Our mentors and page authors are not necessarily psychologists or therapists. Even when they are, this page is not medical or psychological advice and they are not creating a doctor/therapist-client relationship. You should consult a professional if possible and they can tell you whether this advice applies to your situation. If this is an emergency, you should call your national emergency number, like 911, or a mental health hotline, like 1-800-950-6264.
If you suffer from mental health issues, you may have trouble figuring out what you have. Is your sleepiness depression or stress? Do you have anxiety? OCD? Are your mood swings bipolar disorder or schizophrenia? Are you autistic?
NONE OF THESE ISSUES ARE YOUR FAULT. Mental health issues are often the result of stressors, abuse, family background, and genetics that are out of your control.
Knowing what problems you face will make it much easier for you to find the resources to help you solve them.
Three Steps of Diagnosis
Make a diary of how you feel. For the next week, put an alarm clock for at least every 2-3 hours. On the hour, record how you feel. How much energy do you have? What is your primary emotion and how strong is it on a scale from 1 to 100? For example, at 10:00 AM, I was feeling happy 70, and energetic at 80. Also record when you have strong feelings of sadness, excitement, stress, happiness, anger, etc. even if it’s not every 2-3 hours.
At the end of the week, you should have a diary of how you feel and how you respond to certain triggers. This will give you information on what you should fix. Try to create a “PROBLEM LIST” of social, physical, and emotional stressors and behaviors, such as lack of sleep, stress, anger, a bad relationship, or financial stress.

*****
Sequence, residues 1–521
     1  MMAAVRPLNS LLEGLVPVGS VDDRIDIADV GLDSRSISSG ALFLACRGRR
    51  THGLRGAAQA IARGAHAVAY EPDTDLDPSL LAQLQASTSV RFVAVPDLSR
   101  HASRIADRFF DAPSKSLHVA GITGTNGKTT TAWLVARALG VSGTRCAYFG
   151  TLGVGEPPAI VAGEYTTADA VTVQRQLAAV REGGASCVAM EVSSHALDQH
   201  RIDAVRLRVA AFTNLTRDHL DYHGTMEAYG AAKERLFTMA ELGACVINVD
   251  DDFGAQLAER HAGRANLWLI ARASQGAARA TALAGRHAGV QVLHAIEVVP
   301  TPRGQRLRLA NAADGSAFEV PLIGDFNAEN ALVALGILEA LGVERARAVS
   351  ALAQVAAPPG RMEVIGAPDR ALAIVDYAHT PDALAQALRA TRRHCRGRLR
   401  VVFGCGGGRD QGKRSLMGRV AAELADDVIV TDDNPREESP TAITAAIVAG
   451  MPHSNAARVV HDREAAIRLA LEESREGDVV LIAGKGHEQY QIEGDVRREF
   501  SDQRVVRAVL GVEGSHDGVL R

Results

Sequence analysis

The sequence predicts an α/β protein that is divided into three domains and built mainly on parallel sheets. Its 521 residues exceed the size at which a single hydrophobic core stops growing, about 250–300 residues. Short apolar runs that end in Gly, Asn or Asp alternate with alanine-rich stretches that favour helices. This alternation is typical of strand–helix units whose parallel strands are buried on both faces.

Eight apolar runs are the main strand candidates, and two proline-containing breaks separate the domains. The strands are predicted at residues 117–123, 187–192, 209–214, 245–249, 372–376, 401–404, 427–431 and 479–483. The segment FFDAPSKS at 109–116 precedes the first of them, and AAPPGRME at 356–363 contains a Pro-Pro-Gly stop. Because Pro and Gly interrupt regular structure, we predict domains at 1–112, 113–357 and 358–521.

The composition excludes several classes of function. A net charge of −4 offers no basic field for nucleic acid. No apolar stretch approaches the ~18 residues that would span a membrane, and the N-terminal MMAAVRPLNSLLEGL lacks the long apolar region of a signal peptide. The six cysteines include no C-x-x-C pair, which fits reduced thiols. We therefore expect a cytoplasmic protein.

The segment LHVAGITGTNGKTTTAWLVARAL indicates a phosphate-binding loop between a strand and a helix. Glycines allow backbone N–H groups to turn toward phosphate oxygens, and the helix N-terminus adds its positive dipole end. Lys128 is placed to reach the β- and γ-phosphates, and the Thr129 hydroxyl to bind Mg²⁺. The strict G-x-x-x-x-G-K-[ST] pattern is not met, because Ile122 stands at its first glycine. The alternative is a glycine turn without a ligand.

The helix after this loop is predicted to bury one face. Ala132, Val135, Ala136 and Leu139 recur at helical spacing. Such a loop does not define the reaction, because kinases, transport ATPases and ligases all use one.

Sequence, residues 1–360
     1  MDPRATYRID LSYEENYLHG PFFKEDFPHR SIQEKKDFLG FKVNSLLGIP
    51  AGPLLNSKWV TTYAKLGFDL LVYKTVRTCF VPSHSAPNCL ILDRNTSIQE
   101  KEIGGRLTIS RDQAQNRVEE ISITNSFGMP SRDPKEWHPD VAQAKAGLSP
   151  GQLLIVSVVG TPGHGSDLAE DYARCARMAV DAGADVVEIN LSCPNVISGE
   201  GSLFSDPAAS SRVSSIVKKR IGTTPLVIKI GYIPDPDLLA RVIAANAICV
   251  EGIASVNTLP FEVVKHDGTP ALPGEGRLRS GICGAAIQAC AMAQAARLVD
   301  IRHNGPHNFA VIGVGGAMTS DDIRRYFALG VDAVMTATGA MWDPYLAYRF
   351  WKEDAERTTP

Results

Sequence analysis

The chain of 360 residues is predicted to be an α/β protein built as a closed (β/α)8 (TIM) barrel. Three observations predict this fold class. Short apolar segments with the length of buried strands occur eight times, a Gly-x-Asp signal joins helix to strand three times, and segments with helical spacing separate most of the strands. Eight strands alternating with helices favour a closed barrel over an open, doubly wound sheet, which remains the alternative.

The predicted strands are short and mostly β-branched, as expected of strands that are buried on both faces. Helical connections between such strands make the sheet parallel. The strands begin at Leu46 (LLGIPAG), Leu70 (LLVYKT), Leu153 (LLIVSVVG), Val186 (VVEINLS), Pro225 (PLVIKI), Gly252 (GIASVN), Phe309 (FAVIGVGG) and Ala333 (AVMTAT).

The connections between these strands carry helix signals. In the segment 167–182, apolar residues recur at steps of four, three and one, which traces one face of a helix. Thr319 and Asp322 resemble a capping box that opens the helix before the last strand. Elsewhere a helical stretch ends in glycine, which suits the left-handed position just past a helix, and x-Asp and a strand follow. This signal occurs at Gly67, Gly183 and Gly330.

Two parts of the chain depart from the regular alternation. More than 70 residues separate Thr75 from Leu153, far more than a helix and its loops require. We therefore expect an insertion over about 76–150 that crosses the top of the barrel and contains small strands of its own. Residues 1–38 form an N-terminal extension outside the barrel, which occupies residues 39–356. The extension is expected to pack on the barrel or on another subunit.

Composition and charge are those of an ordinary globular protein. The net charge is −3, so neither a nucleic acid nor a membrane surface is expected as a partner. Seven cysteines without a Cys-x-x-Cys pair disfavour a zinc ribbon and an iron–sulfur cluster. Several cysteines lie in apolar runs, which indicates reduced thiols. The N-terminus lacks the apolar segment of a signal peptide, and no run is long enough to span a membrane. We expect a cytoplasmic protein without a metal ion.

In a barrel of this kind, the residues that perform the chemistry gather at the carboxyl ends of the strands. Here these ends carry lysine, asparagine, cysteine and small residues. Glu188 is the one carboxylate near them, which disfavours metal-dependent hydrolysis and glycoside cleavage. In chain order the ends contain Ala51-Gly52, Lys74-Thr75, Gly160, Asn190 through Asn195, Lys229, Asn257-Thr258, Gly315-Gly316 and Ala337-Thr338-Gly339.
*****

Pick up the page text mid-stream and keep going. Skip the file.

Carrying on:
Record your thoughts surrounding triggering events. We believe that cognitive behavioral therapy (CBT) and meditation are the two best cures for mental health issues, over medication and other forms of therapy. CBT explores the links between behavior, thoughts, and emotions. If you notice that you often shy away from people, you may notice an underlying emotion is anxiety and the underlying thought is that people won’t like you. Recording your automatic thoughts will help you correct them.
In addition, try to record some underlying conditions and assumptions you hold, such as: “If I work hard, I deserve to succeed.” Or “If I’m not famous or rich or married, I can’t be happy.” Or “If someone hurts me, I have to make the score even.” These are also things you can work on and change.
Use online diagnostic tools to figure out what your problems are, so that you can navigate this website better.
If you are sad often, check for depression (including major depressive disorder) and suicidal tendencies.
If you are stressed, check for anxiety, including severe anxiety disorders.
If you are angry often, check for bipolar and other personality disorders.
It’s always a good idea to check for autism, OCD, ADHD, and adult dyslexia if you have learning or work issues, which we see often.
Some other common issues include eating and psychotic disorders.
Here are some resources for you to diagnose yourself:
Depression vs. anxiety: https://depression.org.nz/is-it-depression-anxiety/
Depression and bipolar disorder: https://www.familyaware.org/help-someone/take-the-depression-and-bipolar-test/
Adult ADHD: https://add.org/wp-content/uploads/2015/03/adhd-questionnaire-ASRS111.pdf
Mood disorders: https://www.integration.samhsa.gov/images/res/MDQ.pdf